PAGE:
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Last Updated: Saturday, 19 June, 2004, 09:24 GMT 10:24 UK
Welsh footpaths 'at crisis point'
Ramblers
Footpaths week is due to run until 25 June
Footpaths in Wales are falling into disrepair, the Ramblers' Association (RA) has warned.

Launching its National Footpaths Week, the walkers charity claims that only 10% of paths in Carmarthenshire are classed as easy to use.

It is closely followed by Ceredigion at 27% and Pembrokeshire at 34%.

The RA says action and investment is desperately needed and is urging the public to lobby local councils.

The organisation claims that Welsh assembly figures show that there has been a 12% increase in the number of problems associated with footpaths.

Problems walkers encounter include missing signposts, locked gates, overgrown hedges and thick undergrowth blocking paths.

More serious long-term problems include missing bridges and disputes over the line of the path.

Councils in some of our most attractive areas are effectively telling tourists to stay away
Beverley Penney
The walkers charity also points to official figures which show the proportion of unusable paths in England and Wales has grown from 31% to 35% in the last year.

It claims walking currently contributes around 132m to the Welsh economy, 55m in rural areas, supporting 3,000 rural jobs.

The call for action is part of Footpaths Week when the association's 142,000 members are urged to highlight problem paths and lobby county councils to take action.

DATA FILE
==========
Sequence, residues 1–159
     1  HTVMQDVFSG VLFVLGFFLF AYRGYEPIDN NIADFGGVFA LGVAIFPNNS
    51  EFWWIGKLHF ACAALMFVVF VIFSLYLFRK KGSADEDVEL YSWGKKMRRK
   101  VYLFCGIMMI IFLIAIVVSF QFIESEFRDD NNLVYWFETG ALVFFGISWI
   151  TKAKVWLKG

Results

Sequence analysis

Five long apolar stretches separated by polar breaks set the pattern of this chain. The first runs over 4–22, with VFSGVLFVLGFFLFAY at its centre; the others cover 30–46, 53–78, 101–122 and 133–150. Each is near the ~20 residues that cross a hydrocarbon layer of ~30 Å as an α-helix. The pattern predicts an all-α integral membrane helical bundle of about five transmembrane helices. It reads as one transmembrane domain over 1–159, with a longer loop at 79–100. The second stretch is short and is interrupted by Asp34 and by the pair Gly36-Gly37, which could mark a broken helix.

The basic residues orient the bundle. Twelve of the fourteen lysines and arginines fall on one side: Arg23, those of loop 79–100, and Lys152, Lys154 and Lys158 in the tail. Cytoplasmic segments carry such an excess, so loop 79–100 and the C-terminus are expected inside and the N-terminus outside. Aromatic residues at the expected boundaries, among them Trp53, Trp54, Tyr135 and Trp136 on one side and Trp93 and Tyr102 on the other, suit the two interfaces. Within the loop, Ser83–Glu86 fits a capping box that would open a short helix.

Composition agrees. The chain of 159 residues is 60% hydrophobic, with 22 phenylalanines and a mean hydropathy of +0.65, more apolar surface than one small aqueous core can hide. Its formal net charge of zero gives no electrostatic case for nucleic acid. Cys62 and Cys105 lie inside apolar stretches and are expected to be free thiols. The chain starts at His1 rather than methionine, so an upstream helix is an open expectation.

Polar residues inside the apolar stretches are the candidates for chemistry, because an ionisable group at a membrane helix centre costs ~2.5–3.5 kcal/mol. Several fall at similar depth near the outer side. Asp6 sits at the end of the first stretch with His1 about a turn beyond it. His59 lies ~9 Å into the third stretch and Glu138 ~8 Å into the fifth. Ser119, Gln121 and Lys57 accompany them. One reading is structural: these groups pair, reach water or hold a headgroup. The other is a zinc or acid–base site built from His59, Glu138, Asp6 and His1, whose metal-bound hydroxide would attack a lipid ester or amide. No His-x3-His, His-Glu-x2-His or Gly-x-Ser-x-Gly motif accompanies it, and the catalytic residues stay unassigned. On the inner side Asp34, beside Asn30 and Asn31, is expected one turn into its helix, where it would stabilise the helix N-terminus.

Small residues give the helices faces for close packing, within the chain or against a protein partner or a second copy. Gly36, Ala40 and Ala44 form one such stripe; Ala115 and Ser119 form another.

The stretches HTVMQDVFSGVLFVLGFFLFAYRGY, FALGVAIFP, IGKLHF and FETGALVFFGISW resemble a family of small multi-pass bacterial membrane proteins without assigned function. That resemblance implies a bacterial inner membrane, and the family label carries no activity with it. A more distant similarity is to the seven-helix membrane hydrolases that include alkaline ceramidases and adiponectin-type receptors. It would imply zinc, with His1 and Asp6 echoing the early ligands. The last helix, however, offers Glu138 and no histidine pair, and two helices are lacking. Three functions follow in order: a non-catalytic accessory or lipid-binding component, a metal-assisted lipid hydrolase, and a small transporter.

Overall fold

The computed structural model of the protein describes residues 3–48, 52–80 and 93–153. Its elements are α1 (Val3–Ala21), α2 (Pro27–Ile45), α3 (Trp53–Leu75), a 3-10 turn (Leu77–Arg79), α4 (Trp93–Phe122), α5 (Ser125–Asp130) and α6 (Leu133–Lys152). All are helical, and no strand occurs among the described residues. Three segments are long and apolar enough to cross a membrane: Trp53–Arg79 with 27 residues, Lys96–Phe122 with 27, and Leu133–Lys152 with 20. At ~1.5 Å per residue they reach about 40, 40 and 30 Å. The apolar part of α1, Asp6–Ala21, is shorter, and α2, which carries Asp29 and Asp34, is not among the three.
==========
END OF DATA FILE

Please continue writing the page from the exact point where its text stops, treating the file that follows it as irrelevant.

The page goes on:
Beverley Penney, Director of Ramblers Wales, said: "It is a damning indictment of the low priority that most councils put on their footpath network that at a time when government is trying to encourage people to exercise more for health, this wonderful resource is being neglected.

"What is most disappointing is that councils in some of our most attractive areas are effectively telling tourists to stay away, which can only be bad for the economy of Wales.

"We hope that Footpaths Week 2004 will highlight the issues sufficiently to change this dangerous trend," she added.

But the Country Landowners Association argues this hardline policy can lead to less paths being kept open.

CLA National Access Adviser Caroline Bedell says: "What it comes down to is money. There isn't enough in the system to have every single right of way open so we're spreading money across a wider network."

"We would like to see more money spent on the routes that people want to use regularly rather than every route across the country."

Footpaths Week runs until 25 June.


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